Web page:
First you notice the nests.
We’re used to seeing yogis rolling out their mats, collecting blocks and straps, perhaps a bolster or blanket. But at a Gong Lab event, they build nests. Some bring pillows from home—head pillows, eye pillows, under-knee pillows, lower-back pillows. Some disappear under comforters.
The front of the room doesn’t look like a typical gong bath either—assuming a gong bath can be typical. There’s a gong up there—Oliver Seay’s mighty earth gong, tuned to the frequency of “OM”—but there’s also a buk drum, smaller jing gongs, maracas and other instruments all ashine in a blaze of candlelight.
And beside Ollie there’s the brightest light of them all, Shu Shubat, whose serene presence and angelic voice will carry us distances we didn’t know we could travel.
A typical gong bath may calm the mind, realign the body’s energy, bring one into communion with spirit—much like a good yoga class—but a Gong Lab event has a greater ambition:
To create a living gong.
From those nests, Shu and Ollie hope, will hatch a clutch of beings whose newfound radiance and contagious vibration will calm the minds, realign the energies and bring into communion not only themselves, but everyone they encounter in the world.
It all began with rock ‘n’ roll. Shu liked to dance.
“When I would go dancing, I would dance with the drummer. And I was always thinking, ‘Why is he in the back? Shouldn’t he be in the front?”
Shu played bass for the band Eleventh Dream Day, and then for the Indigos, whose drummer was Ollie. He was teaching her to drum. She kept wondering about the drummer’s potential. She wanted to move the drummer out of the back. She wanted more drummers, side by side. She wanted the drummers to dance.
In 1992, their collaboration birthed the Jelleye Drum Theater, a troupe of drummer/dancers who pranced and pounded across Chicago stages with choreographed precision.
As Shu and Ollie planned mightier performances, they sought mightier percussive instruments. Eventually, their quest brought them to the gong.
“We had never heard a gong like this. We were completely captivated by the sounds that could come out of this one instrument.”
They learned of Richard Rudis, a touring Buddhist practitioner and something of a Western pioneer of the “gong bath.”
Shu and Ollie acquired an earth gong of their own, which serves now as the central instrument of Gong Lab. But Shu again was drawn to experiment. Just as she had wondered about the drummer’s potential, she wondered about the potential of the gong bath.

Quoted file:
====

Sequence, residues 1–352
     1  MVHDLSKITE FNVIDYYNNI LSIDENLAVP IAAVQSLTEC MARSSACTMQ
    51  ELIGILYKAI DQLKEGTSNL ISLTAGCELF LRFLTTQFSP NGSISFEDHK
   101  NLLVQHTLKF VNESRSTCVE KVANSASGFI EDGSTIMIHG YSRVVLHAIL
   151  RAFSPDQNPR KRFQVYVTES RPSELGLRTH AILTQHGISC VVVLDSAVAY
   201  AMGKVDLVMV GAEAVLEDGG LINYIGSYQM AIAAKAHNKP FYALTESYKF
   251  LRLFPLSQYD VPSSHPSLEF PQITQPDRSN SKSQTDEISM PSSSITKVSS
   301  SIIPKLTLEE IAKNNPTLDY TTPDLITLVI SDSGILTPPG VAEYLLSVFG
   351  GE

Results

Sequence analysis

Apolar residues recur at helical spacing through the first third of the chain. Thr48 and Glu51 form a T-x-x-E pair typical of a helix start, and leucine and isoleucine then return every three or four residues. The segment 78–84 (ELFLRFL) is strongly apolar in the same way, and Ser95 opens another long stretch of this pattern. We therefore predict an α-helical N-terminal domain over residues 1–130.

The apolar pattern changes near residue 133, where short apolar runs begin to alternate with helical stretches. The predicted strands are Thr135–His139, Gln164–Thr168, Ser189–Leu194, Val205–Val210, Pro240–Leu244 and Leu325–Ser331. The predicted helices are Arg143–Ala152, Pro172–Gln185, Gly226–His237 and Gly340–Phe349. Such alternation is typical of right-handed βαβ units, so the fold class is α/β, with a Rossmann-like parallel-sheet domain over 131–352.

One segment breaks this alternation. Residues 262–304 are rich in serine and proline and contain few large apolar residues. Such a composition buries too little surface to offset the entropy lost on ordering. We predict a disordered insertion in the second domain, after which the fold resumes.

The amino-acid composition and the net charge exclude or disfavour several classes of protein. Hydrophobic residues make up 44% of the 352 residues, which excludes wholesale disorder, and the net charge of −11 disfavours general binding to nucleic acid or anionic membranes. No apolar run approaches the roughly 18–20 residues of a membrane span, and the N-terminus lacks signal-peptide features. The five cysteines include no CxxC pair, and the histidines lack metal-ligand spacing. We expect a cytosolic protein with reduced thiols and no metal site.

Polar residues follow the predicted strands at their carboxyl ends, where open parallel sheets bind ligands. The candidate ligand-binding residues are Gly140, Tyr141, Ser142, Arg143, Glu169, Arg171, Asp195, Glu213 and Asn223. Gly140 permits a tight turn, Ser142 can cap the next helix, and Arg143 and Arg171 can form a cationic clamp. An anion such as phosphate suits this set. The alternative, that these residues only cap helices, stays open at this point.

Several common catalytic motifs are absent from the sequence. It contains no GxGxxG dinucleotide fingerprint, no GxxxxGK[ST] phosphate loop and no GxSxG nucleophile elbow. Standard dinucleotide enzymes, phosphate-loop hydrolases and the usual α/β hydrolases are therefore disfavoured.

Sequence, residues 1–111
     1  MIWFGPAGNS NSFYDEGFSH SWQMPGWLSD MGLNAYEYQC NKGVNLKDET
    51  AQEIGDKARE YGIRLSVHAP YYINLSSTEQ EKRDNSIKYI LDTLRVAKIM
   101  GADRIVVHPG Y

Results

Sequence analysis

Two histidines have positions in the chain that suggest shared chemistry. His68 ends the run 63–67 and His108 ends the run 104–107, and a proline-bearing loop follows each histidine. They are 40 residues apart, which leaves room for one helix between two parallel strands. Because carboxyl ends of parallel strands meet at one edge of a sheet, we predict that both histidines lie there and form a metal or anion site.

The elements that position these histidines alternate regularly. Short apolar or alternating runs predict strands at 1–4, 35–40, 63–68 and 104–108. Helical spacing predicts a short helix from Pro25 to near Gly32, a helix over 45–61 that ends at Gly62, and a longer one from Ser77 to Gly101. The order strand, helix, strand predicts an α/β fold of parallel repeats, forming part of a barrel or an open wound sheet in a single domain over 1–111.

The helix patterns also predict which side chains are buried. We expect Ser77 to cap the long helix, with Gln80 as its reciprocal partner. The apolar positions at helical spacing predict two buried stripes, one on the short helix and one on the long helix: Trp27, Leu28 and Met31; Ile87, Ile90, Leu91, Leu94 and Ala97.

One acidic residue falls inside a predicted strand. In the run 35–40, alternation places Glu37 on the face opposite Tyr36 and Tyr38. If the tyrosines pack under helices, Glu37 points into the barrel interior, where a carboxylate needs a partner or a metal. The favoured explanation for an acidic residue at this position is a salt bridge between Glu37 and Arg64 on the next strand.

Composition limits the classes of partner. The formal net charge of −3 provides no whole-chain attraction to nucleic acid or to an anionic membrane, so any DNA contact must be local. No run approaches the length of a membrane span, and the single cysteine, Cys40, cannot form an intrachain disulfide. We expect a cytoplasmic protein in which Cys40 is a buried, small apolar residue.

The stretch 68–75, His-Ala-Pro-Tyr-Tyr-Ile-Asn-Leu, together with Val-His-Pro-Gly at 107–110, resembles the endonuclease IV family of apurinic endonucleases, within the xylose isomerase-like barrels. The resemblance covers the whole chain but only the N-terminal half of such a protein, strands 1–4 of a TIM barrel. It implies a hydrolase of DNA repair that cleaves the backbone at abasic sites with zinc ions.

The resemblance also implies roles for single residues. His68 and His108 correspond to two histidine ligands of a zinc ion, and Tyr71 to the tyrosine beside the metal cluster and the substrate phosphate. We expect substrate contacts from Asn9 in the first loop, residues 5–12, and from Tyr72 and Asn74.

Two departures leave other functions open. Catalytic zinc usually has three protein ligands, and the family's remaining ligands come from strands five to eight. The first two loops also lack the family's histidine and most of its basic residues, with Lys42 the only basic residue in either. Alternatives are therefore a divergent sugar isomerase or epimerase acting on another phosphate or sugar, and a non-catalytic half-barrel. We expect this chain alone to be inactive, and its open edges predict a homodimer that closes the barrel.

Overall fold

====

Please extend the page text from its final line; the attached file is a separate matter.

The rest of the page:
“We called it Gong Lab because I just wanted to experiment with sound,” Shu said. “I see it as a space for exploration, for experimentation, a lab.”
And that exploration tended increasingly toward yoga and healing work. Shu already was studying Jungian psychology when she and Ollie were mentored in the Medicine Buddha Sound Healing Mandala by Lama Lobsang Palden, a Tibetan lama, teacher of Yantra Yoga and Buddhist meditation, and a practitioner of holistic energy medicine.
“He sort of became our mentor in healing sound at the time we were making the crossover from being musicians,” Shu said.
Lama Lobsang pressed them to incorporate mantra.
“From his perspective, without mantra it’s just a concert.”
So during most Gong Lab events, Shu’s transcendent voice animates two traditional Tibetan Buddhist mantras—the mantra of the Prajna Paramita (“Gaté Gaté Paragaté…”) and the mantra of the Medicine Buddha (“Bekanze Bekanze Maha Bekanze…”).
With therpeutic and yogic influences, Gong Lab feels at home in a yoga studio, and so do its two musicians.
“I love working in a yoga studio. I love the recharge it gives me versus working in a club. I love the acoustics in a yoga studio,” Shu said. “This setting sort of meets me at the level of comfort and revification. I like doing that for people…. I like that sacred space, that inviolable space, and I like being a sound in that space.”
So the duo that had married drumming with dance came into union with healing and yoga—not just for the yogis who attend Gong Lab events, but through them, through the living gong.
“Setting up the mandalas at the beginning,” Shu said, “it’s like you’re setting up the world in order to act upon the world.”
For the beneficiary there’s no more effort required than it takes to get a massage. You just have to get on your mat. Or slip into your nest. And let the gong do its work.
“That’s the vulnerable space of fairy tale,” Shu said. “You’re being tucked into bed and you’re going into the archetypal world. Do you remember how rich that was?”
Gong Lab will appear at Zen Yoga Garage, 1845 N. Milwaukee Avenue in Chicago, at 7:30 p.m. on Wednesday, Oct. 9. Sign up online here. For details, call ZYG 773-227-7748 or email General Manager Piper-Lori Parker at firstname.lastname@example.org.